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Old Master Drawing Image Analysis

Recently, the progress in computer science made links between this field and art history possible. The examination of cultural artifacts particularly gained new insights in materials and object structure from new possibilities in high-resolution image acquisition and data processing. However, although there is a large number of specialized examination methods (for example IR/UV reflectography, fluorescence, micro-XRF, Raman spectroscopy), the research on hand drawings still suffers from major diagnostic gaps: due to the particular properties of red chalk, it is currently not possible to visualize preparatory drawings from red chalk if they have been overlaid by inks.

Up until the end of the 19th century, hand drawings were typically created with different materials in several working steps. In the final drawing, multiple layers of different materials overlap, such that the lower, older layers can oftentimes not be identified visually. However, these layers represent the various steps of the genesis of the respective work. Thus, separating these layers by means of imaging and image processing promises a direct look into the artistic creation process of the work. Therefore, such a technical approach may supply answers to key questions of art history on the object and the artist, and may help for objectivation of attribution and authenticity.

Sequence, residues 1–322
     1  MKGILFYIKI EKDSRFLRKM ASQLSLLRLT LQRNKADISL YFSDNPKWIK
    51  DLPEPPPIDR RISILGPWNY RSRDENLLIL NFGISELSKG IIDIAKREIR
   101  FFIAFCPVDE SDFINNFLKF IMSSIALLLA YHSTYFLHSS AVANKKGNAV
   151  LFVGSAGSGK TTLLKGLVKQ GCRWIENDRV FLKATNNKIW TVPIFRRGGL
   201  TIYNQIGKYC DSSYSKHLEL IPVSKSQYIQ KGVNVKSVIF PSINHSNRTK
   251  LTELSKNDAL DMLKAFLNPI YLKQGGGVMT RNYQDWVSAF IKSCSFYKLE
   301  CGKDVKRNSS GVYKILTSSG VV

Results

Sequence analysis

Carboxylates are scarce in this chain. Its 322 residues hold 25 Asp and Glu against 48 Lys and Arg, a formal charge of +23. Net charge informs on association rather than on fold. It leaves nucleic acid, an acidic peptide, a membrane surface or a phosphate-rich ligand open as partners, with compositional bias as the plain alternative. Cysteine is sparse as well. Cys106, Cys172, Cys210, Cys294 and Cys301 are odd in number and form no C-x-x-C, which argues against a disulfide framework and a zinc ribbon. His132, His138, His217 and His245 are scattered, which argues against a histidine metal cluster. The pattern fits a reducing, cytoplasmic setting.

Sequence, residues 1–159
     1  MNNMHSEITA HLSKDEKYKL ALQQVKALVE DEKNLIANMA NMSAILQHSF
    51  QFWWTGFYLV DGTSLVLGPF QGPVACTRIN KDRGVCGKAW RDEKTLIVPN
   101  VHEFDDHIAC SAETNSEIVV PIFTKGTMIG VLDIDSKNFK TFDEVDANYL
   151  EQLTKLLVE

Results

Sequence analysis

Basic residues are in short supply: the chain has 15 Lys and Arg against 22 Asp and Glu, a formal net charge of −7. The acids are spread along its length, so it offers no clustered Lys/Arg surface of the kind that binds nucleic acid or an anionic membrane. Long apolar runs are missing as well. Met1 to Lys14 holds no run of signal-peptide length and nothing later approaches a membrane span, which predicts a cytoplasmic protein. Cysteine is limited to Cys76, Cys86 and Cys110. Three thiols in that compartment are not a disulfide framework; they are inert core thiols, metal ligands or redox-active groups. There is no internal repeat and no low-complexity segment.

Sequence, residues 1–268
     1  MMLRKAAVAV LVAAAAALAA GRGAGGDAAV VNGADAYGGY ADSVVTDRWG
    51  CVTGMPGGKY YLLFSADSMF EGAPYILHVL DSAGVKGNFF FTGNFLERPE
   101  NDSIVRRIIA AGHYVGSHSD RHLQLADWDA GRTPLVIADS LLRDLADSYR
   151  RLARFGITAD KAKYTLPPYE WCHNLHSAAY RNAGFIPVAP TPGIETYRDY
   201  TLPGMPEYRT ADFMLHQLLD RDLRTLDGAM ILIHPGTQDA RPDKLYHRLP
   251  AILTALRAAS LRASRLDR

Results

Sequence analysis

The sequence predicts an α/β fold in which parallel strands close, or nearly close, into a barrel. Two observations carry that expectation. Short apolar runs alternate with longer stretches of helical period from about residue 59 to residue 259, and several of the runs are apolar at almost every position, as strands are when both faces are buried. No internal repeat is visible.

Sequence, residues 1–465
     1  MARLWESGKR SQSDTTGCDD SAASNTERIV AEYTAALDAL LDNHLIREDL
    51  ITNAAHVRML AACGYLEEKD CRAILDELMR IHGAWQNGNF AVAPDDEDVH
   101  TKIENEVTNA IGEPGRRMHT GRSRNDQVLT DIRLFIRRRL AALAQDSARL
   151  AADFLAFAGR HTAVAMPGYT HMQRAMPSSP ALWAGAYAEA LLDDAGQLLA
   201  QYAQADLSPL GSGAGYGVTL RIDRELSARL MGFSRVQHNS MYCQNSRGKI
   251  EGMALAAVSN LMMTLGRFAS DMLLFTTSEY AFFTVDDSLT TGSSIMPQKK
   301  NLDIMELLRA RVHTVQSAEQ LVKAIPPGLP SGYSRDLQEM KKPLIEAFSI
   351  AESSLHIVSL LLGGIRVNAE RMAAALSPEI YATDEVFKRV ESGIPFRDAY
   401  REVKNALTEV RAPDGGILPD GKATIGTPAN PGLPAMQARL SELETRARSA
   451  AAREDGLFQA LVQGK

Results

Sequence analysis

In this project, we investigate approaches to close this diagnostic gap. In contrast to image acquisitions with a limited spectral window (like infrared or ultraviolet light), we propose to image an object using a multispectral camera and to process the acquired data with methods from the field of pattern recognition. A multispectral camera operates primarily in the range of visible light but subdivides the light into much more channels than red, green, and blue. This allows differentiating materials of different physical compositions from their reflection patterns after processing the data with a computational algorithm. We evaluate our proposed methods on drawings that were created to exactly mimic the original work process, using the same materials and papers. The controlled creation process provides knowledge about the drawing layers, which allows assessing the accuracy of the method. This approach has the potential to avoid radiation damage to the work of art under examination, while still being able to provide meaningful information. Thus, it appears as a method that can have broad applications in the domain of art history and conservation of art that extend beyond the range of currently used approaches.



Ink/Chalk layers of a Phantom Drawing Image